If these people hold their positions in regions of low conflict, we needn't further concern ourselves with them. Perhaps they may gain a level or two while ruling, ending up with a 3-6 range. IF they've fought off outlaws, bandits, or orcs, they may have a level or so more (and a fair note here is that MOST nobles have probably been presented with these troubles, even in the heart of the most "settled" regions... a topic for another day, perhaps, but medieval levels of settlement leave much wild land in even so-called safe places. That being said, the battle[s] need not have been attended by the nobleman himself). If instead, however, they live in a march region where conflict is much more common or a kingdom which wages war with neighbors frequently (not an uncommon occurrence) then the likelihood of being middle-low level increases. We could consider these marcher or fighting lords to be somewhere between levels 4-8.

The highest rungs of power in a kingdom are rarely gained by combat in the open field or even by stealthy murder. They are social awards and, in some lands, dynastic ones. Kings can be any level. They might be level 0 scholars or level 12 warriors who ride out and do battle with their foes hand to hand. The potency of the office is so great that I don't really see ANY reason why a king would necessarily have to be a certain level, let alone an emperor.

Now, if social pressures did not provide this position we have a different kettle of fish. Those who achieve their place by force alone are much more likely to be middle or high level. An outlaw-king is more likely to be between 4-10th level, particularly if his forces are large and he has been campaigning for a long while. Paladins, who are often knights-errant, may easily be 7-12th level when encountered.

So, social structure (in Arunia at least) doesn't dictate individually powerful people controlling their lands. Indeed, the more power an institutional framework has, the less individually powerful the nobility must be. In semi-lawless lands full of warlords, they are much more likely to have hacked their way to the top of the ladder. I would posit that the "standard" D&D setting is much more about that sort of world than, say, Arunia is... but that even in that world you may find a King Alfred the Great of Wessex.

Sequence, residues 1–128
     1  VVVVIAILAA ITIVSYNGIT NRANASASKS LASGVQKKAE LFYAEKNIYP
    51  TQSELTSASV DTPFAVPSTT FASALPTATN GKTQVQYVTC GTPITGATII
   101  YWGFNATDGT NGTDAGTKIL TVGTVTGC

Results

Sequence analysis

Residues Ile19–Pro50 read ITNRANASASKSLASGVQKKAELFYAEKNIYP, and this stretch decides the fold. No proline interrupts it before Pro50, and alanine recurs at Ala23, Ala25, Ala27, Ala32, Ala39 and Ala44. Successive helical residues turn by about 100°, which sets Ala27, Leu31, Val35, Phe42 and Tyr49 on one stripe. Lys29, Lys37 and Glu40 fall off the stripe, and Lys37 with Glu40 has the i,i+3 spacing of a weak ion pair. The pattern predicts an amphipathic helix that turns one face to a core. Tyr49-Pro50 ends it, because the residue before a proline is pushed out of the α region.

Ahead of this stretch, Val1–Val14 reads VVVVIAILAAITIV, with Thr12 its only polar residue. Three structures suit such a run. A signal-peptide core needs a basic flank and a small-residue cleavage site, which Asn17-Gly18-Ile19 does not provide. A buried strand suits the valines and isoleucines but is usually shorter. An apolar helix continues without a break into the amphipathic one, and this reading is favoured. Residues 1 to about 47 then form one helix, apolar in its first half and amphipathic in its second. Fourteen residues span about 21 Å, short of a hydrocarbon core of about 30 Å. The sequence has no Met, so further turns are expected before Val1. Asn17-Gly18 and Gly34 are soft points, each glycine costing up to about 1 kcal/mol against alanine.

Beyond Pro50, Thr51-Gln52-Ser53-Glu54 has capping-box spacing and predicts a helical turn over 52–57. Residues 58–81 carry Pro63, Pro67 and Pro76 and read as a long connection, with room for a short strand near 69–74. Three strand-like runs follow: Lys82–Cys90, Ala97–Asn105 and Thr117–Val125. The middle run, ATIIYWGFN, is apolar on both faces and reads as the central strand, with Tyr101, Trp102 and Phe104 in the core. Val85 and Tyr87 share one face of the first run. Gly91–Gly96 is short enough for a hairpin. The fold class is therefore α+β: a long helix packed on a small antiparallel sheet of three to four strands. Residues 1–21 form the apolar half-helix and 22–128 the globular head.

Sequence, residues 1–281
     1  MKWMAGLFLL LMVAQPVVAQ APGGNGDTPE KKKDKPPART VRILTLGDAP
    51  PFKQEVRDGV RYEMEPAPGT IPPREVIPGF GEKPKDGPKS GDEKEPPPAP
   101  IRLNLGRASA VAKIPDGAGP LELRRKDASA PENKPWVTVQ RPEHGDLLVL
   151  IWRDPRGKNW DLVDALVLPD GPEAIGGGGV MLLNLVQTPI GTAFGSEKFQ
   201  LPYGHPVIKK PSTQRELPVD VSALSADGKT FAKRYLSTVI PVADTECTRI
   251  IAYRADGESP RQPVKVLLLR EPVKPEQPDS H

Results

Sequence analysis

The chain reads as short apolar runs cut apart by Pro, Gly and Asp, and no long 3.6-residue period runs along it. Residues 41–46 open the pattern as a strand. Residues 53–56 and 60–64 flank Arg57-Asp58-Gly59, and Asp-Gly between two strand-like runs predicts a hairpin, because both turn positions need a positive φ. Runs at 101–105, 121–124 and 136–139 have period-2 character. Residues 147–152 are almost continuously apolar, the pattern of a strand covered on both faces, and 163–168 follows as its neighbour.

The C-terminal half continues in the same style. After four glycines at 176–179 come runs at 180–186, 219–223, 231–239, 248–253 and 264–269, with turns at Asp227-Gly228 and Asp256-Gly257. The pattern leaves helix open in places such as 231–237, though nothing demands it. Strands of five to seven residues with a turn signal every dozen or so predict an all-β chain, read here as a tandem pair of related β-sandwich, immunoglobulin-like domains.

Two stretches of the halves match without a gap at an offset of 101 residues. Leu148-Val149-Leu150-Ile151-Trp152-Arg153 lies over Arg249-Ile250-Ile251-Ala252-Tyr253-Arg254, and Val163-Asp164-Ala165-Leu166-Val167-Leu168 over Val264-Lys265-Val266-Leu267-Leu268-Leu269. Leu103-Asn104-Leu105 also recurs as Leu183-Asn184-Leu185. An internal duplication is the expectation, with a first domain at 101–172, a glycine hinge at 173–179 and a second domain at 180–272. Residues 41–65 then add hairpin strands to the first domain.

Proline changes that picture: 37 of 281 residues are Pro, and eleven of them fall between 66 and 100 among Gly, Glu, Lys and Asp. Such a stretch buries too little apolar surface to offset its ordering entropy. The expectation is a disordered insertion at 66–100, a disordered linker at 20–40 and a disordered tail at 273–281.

I was considering writing something about how achieving name level is just ONE way that characters can acquire a stronghold and followers, but I think this is quite long enough. Perhaps next week.


  1. Your logic is sound and I don't think you'll find many who would disagree with it.

    High levels were handed out pretty liberally in those early games. In OD&D, you'd have an 11th level orc magic-user for every 1,000 orcs and a 7th-9th level orc fighter for every 400. That assumes a much higher percentage of leveled characters than the 1% presented in the 1e DMG.

    1. Indeed, and it's taken me a long time to come up with what is essentially a grounded position here that I refer back to in absence of other data... but I find it plays really well.

  2. Your blog is a recent discovery for me, and I'm enjoying the thoughts you have to offer. This particular post got my attention, as I've been juggling similar thoughts.

    Moldvay's Basic has an entry for Nobles in its monster list, and these are 3HD monsters - essentially 3rd level fighters, since Basic doesn't give fighters any class features. I've been interpreting that as the product of lifelong martial training.

    To my thinking, it seems that a Name level fighter being created a noble rank is the exception, far from the rule. The phrasing in Mentzer's Expert is explicit that this process is the ruler's attempt to ally with such a powerful figure. In my campaign, I take this as the default assumption. When a fighter wants to build a stronghold, the local ruler evaluates whether it's better to throw his authority around or to form an alliance.

    1. I've never actually read any Moldvay or Mentzer, but now that I can see they clearly have some great ideas in there I will certainly take a dive in and check them out. I didn't get into the game until AD&D 2e, myself, so I've had to work backwards to come to some of the conclusions that are probably already encoded in the earlier (and tangential) versions of the rules.

      I'm glad I arrived at the same place, however!